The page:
A child was hit by a truck and her parents both want to get different lawyers for her in the same case. It happened in Utah. The child is 6 years old and the parents just want justice, they are separated and want to see if they are allowed to each get an attorney to represent their daughter in the case.
The answer is yes but, this may just cause undue costs and fees. No matter which parent retains an attorney, if money is awarded by way of judgment or settlement, most states have a provision by which the money must be deposited in a blocked account for the benefit of the minor until the child turns 18 and futher does not allow either parent to have access to the money absent court approval. They should both ask the prospective attorneys about what the procedure is for minor's settlements or verdicts under Utah law.
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I answered your related question earlier. This addtional information is very helpful. Now that we know the parents are separated, and that they both want their own lawyer for the child, and are hoping that two lawyers can come in to do the work of one, the issue is more in focus. I don't recommend this approach, in part because of your related question and the information we've gleaned in the process. It is not like a divorce situation where both parents get lawyers. This is a situation where the child needs a lawyer. The lawyer will be working on behalf of the child. The settlement, when achieved, will be the child's. The court will get involved and a judge will review the settlement and will determine whether the settlement is in the best interests of the child, or not. I think it would be a bit unusual for two competing lawyers to both represent the child. There are situations where two lawyers are involved, but that would be more like one referring a difficult case to a specialist and both working up the case together to achieve a common result for the child. The parents need to engage one lawyer to represent their child. That is my recommendation. I hope my earlier answers also help, too.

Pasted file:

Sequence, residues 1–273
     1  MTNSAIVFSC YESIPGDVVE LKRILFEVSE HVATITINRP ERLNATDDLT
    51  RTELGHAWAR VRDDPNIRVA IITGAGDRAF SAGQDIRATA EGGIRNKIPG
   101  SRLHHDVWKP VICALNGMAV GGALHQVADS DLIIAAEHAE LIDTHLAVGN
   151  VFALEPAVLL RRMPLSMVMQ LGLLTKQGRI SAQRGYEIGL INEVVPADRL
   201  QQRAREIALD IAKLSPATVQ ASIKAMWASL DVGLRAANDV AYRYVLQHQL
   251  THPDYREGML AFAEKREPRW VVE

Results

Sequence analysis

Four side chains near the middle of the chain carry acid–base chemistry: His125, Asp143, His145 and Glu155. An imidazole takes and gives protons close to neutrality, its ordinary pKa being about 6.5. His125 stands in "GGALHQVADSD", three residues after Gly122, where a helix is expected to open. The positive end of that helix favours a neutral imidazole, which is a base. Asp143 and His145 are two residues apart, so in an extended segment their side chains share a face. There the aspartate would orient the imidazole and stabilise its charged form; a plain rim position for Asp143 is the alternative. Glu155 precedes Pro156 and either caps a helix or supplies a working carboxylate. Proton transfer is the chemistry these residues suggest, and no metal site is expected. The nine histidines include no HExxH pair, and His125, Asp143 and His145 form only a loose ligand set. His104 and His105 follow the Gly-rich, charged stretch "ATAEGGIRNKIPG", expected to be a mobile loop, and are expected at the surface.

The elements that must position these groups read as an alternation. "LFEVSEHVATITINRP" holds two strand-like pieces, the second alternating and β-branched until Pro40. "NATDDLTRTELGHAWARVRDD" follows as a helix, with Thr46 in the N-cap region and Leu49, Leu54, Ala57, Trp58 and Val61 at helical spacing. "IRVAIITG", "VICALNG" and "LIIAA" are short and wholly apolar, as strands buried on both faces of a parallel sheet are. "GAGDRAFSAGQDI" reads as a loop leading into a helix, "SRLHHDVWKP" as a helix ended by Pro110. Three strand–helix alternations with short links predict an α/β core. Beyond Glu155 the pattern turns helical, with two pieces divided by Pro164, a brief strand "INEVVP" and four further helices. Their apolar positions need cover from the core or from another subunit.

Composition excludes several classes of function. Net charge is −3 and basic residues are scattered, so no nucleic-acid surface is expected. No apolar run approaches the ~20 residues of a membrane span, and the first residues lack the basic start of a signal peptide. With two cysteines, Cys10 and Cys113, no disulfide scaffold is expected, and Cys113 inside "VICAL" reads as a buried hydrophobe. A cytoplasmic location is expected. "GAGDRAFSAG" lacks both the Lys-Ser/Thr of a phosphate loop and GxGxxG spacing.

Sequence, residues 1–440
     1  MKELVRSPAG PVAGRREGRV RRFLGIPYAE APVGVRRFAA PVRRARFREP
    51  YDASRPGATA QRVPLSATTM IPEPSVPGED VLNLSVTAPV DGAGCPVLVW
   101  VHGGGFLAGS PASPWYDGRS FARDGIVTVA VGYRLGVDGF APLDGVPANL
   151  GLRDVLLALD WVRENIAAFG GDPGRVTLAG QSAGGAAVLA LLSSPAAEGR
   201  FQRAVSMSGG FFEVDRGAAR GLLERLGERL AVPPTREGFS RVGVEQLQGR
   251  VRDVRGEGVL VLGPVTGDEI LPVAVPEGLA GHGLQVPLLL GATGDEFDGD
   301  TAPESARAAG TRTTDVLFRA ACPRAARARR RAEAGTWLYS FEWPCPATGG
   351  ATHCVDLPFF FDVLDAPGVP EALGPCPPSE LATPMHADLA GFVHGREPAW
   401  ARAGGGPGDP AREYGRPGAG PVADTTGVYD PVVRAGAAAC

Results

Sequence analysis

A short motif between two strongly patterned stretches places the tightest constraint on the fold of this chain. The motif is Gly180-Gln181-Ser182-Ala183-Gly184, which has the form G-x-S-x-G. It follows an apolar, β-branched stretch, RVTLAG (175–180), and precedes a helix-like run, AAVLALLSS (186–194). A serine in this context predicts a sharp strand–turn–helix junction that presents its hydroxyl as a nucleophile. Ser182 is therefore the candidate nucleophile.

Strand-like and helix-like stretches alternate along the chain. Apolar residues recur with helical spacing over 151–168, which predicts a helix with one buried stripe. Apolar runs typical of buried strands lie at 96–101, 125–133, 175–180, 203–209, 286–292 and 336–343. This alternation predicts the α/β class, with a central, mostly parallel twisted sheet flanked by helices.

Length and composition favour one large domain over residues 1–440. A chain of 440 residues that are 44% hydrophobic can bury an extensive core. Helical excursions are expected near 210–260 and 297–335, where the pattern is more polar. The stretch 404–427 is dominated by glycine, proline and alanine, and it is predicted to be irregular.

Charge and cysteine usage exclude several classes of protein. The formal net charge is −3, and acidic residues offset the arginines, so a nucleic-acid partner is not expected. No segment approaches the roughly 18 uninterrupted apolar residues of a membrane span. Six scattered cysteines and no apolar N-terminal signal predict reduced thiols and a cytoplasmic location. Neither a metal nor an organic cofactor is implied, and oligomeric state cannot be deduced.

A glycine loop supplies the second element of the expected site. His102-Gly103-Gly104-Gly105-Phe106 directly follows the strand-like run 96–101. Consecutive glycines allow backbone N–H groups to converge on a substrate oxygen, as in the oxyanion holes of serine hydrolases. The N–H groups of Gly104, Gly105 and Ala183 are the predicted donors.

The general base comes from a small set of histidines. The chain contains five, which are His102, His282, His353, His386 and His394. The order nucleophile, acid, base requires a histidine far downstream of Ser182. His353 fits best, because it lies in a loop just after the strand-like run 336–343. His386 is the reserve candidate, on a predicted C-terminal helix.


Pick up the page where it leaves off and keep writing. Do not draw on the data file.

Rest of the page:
This is not legal advice or representation. Please contact and engage counsel to obtain advice and representation.
Nate's answer is a great answer. The parents should put their differences aside for what best benefits the victim - their child - that should be your guiding light - always do what is best for the child. Fragmented representation (having two lawyers) simply allows the insurance company to play one against the other and will unnecessarily complicate and delay matters. Hire one good attorney who represents people injured by the fault of others.
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